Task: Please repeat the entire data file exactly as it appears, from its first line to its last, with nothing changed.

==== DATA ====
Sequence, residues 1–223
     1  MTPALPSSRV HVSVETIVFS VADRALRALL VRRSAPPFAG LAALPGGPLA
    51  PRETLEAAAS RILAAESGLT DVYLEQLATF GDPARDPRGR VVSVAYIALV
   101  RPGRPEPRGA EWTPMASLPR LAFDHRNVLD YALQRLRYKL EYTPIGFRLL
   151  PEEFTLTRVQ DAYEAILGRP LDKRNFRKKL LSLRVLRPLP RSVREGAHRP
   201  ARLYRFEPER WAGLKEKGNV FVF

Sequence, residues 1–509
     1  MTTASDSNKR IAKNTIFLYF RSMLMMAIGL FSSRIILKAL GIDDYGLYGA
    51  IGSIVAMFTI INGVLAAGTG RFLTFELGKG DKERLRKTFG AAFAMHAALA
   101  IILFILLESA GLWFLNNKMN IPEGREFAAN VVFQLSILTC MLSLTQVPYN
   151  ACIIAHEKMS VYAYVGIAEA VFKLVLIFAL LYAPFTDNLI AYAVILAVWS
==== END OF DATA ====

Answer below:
Sequence, residues 1–223
     1  MTPALPSSRV HVSVETIVFS VADRALRALL VRRSAPPFAG LAALPGGPLA
    51  PRETLEAAAS RILAAESGLT DVYLEQLATF GDPARDPRGR VVSVAYIALV
   101  RPGRPEPRGA EWTPMASLPR LAFDHRNVLD YALQRLRYKL EYTPIGFRLL
   151  PEEFTLTRVQ DAYEAILGRP LDKRNFRKKL LSLRVLRPLP RSVREGAHRP
   201  ARLYRFEPER WAGLKEKGNV FVF

Sequence, residues 1–509
     1  MTTASDSNKR IAKNTIFLYF RSMLMMAIGL FSSRIILKAL GIDDYGLYGA
    51  IGSIVAMFTI INGVLAAGTG RFLTFELGKG DKERLRKTFG AAFAMHAALA
   101  IILFILLESA GLWFLNNKMN IPEGREFAAN VVFQLSILTC MLSLTQVPYN
   151  ACIIAHEKMS VYAYVGIAEA VFKLVLIFAL LYAPFTDNLI AYAVILAVWS